Connect the USB BUB

On the pin that will be DTR, connect a 0.1uF capacitor negative end first and connect the positive side via a wire to the RST pin of the ISP header. Refer back to the pinout if you've forgotten or figure it out from the pictures below. Connect pin 3, TXD, to the RX pin of the USB-BUB. Remember, your AVR's TRANSMIT pin is the RECEIVE pin of the remote unit. for the next pin on the USB-BUB, TX, you'll want to connect a 10k Ohm resistor followed by a wire to the RXD pin (pin 2) of the AVR. Connect 5V to your +5V power rail, skip the 3.3V pin, and connect the ground pin to your ground rail and you're done.

You can skip the next step and go straight to installing, connecting, and playing Mastermind, unless you have some driving curiosity to find out how to configure a max232 connection.

Step 7: DE9 RS232 Serial Communication Setup

So, you've got a 9-pin D-sub serial port and want to connect it to your AVR development environment? Old school, but no sweat. We'll use a max232 chip to level shift the voltage from what's used on an RS232 line to a TTL level that won't fry our AVR.

Make your DE9 Connector

Grab your solder-cup female DE9 (I don't like to get into the DB9 vs DE9 debate, but formally it's a D-sub 9-pin connection in an E box, or so I've been taught) and solder one wire to pin2 (TX), one to pin 3 (RX), and one to pin 5 (Ground). If you're unsure of which pins are which, look very closely into the connector and you should see small numbers above/around the holes. If they're not there, or you're still confused, check out this site for some pinout diagrams.

The wires should be long enough to connect into your breadboard and either your RS232 port on your remote machine or an RS232 cable coming from it. I have, like, a 15 meter RS232 cable running from a serial port on a FreeBSD box so my wires only have to reach shortly beyond my breadboard. Make it long enough to be convenient.

Once you've got your connector soldered up wrap it up or throw on some heat-shrink tubing. I the pictures below I soldered in a few more lines for something else, so don't worry about having those wires connected. Also, note, that if you've already got a male RS232 lying around you can use that, you'll just probably need a gender changer. Just remember that the pins will be flipped on the male that what I've shown you on the female. I've added a couple other pics of a male DE9 with the same colored wires that I used in the female connector.

Connect the max232

We're going to use 5 x 1uF tantalum capacitors in this circuit. Place your max232 on your board in a convenient location when you can eventually run your RX/TX lines from your AVR to it along with the RS232 cable you just made.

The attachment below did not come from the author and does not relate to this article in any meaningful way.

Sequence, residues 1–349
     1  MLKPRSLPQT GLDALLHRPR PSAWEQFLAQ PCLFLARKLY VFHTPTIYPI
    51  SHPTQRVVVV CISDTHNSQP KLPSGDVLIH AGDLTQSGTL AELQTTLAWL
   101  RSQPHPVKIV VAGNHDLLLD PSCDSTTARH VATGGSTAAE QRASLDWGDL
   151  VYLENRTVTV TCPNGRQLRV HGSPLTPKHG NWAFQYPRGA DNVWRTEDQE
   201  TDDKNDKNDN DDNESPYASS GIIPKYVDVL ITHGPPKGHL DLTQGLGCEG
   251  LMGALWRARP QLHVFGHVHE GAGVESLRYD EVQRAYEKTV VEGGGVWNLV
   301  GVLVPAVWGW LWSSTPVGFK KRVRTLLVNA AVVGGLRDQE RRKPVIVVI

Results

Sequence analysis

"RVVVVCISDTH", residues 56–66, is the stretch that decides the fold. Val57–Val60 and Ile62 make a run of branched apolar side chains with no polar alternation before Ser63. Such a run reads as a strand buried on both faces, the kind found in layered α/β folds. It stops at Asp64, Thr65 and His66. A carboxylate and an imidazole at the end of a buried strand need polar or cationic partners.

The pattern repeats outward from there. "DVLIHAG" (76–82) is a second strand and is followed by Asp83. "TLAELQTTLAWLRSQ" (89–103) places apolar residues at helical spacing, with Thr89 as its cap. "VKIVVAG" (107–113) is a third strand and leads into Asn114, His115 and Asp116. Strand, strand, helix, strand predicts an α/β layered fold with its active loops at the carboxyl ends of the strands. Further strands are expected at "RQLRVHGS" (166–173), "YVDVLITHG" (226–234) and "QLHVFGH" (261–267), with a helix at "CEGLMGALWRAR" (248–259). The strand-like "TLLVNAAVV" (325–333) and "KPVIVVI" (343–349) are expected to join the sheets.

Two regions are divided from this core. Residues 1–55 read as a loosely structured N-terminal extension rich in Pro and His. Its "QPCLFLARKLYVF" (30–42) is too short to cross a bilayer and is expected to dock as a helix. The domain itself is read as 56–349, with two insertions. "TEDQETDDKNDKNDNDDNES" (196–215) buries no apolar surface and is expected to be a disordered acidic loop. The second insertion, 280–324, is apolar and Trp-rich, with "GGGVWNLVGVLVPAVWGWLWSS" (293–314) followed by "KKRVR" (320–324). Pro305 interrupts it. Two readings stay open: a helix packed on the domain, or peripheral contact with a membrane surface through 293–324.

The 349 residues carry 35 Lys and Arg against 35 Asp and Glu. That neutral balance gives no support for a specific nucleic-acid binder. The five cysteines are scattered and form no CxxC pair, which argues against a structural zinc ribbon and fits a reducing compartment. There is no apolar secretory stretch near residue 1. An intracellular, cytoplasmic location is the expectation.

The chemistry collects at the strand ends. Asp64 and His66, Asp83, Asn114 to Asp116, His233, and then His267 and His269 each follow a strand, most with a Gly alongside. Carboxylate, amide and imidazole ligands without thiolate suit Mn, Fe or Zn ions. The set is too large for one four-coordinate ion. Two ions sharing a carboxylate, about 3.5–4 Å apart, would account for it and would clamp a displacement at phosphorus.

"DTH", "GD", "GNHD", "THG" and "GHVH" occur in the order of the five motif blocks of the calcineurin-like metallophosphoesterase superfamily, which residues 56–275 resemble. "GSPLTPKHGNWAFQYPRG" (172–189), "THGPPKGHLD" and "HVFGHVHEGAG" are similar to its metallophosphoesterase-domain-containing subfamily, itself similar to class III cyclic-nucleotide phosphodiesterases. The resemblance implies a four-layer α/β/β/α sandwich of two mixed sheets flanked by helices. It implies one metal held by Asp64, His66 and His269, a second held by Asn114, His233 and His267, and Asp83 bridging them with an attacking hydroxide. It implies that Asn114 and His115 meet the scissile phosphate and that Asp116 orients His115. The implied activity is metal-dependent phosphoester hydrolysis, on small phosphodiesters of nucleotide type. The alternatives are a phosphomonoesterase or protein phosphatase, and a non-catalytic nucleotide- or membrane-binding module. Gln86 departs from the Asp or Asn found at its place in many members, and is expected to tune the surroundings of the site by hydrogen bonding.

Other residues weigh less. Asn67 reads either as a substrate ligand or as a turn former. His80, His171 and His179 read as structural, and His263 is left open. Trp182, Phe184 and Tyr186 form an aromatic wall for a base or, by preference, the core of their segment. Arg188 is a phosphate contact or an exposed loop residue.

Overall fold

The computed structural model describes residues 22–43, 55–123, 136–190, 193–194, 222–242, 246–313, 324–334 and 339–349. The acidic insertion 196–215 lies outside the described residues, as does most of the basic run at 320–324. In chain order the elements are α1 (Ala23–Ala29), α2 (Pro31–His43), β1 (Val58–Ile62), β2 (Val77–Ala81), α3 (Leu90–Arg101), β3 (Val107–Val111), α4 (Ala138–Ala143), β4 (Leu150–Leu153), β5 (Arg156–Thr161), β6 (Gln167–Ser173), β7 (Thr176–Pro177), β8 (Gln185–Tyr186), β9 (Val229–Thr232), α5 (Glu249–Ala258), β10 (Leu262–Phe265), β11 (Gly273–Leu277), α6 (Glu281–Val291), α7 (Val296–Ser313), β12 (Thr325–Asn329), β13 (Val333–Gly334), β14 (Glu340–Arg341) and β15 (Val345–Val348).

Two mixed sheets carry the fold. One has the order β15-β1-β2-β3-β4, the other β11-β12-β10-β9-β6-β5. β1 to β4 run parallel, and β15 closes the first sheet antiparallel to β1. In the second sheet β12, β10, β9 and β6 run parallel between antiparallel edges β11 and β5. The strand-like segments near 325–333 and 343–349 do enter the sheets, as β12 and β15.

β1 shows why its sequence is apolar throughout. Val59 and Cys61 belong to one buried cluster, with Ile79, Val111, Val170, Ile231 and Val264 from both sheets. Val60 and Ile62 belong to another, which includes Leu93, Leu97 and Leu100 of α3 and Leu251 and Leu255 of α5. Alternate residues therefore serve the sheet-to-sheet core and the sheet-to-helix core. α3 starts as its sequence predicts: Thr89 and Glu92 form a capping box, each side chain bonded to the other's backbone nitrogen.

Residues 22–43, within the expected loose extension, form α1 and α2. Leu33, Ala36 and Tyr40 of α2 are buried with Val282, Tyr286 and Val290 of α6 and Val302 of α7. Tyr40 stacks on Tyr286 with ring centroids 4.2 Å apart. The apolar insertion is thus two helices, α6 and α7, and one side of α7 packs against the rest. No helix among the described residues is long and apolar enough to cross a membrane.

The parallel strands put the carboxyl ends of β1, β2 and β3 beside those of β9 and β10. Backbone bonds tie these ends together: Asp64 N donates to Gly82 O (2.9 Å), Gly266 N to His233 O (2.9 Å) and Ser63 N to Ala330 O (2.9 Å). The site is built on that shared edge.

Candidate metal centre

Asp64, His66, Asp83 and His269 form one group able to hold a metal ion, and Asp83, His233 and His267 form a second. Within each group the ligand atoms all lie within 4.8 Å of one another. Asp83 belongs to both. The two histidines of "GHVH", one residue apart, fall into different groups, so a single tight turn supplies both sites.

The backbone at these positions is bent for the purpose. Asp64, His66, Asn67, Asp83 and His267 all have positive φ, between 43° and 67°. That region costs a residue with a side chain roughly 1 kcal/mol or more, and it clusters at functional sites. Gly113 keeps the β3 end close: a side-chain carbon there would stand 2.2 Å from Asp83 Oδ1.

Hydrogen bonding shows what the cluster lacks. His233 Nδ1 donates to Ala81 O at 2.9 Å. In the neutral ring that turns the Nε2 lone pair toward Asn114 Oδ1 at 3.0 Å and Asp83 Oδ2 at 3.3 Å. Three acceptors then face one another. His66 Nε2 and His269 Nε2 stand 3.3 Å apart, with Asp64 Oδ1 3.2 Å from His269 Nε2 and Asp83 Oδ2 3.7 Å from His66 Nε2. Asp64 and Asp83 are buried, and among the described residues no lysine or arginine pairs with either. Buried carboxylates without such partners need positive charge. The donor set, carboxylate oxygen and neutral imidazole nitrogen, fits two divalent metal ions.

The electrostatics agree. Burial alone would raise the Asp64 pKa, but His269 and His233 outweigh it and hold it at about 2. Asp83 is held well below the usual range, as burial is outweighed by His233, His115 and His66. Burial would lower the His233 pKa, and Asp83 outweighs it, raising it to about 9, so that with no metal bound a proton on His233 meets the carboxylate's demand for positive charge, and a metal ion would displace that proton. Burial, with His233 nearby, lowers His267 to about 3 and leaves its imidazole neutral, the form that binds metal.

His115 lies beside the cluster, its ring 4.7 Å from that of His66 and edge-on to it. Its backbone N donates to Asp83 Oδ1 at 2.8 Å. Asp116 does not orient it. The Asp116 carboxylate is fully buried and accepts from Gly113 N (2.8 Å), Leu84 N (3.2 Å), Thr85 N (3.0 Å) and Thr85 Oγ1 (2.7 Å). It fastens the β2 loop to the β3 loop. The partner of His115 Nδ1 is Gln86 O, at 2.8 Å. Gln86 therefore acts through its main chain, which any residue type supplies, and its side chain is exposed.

Capacitor #
1. Connect positive to pin 1 and negative to pin 3
2. Connect positive to pin 4 and negative to pin 5
3. Connect positive to ground and negative to pin 6
4. Connect positive to pin 2 and negative to ground
5. Run +5V to pin 16 (top right) and in between place a capacitor's positive side and negative to ground.

Connect ground to pin 15. At pin 14 connect RX (red wire in picture) and at pin 13 connect TX (green wire in picture). Run your ground wire to ground (the black wire). Your setup should look similar to the picture below. Again, ignore the yellow and blue wires. You won't be using those.

Finally, connect PD0/pin2/RX to pin 12 of the max232, and PD1/pin3/TX to pin 11 of the max232. Et voila, nous avon finit! Now you have your AVR connected to the MAX and the MAX connected to the RS232 port via your cable. You're ready to start serial communication.

Step 8: Mastermind

Now we're ready to load up our Mastermind firmware and accept the AVR challenge!

Install the Firmware

Download the zip package and unpack it. Inside you'll find the complete source code for the Mastermind firmware along with two pre-compiled hex files: one for an Arduino and one for the AVR setup you just made.

You can upload the pre-compiled hex file with the command
avrdude -c usbtiny -p atmega328p -B 1 -F -U flash:w:Mastermind-57600.hex
or just copy Makefile.usbtiny to Makefile and type "make program."

If you're feeling frisky, you can compile the firmware by by copying Makefile.usbtiny (or Makefile.arduino) to Makefile and typing "make" followed by "make program," to upload the hex file.
You may have to change the com port setting in the Makefile or the AVRDUDE programmer setting to your appropriate programmer if you're using something other than a USBTiny.

Install AVR Terminal

After going through the work of installing the USB-BUB or the max232 serial connection, you'll want a terminal program that you can connect with. I've used several, including putty term, teraterm and hyperterm on windows and minicom and screen on FreeBSD. There's also developer's terminal from Smiley's micro's. They've never really met all my terminal needs for my programs, so I wrote one over the course of a weekend. On FreeBSD/Linux I still use minicom, but on Windows I use AVR Terminal pretty exclusively now. AVR Terminal is still alpha, doesn't have the entire v1.0 feature set completed yet, and probably has some bugs hanging around in it, but it's worked pretty well for me. Plus, it understands custom input and color formatting. Your mileage, however, may vary. So, I can't guarantee there aren't a bug or two hanging out in it, but I can guarantee it doesn't have spyware, backdoors, trojans, viruses, or other malware.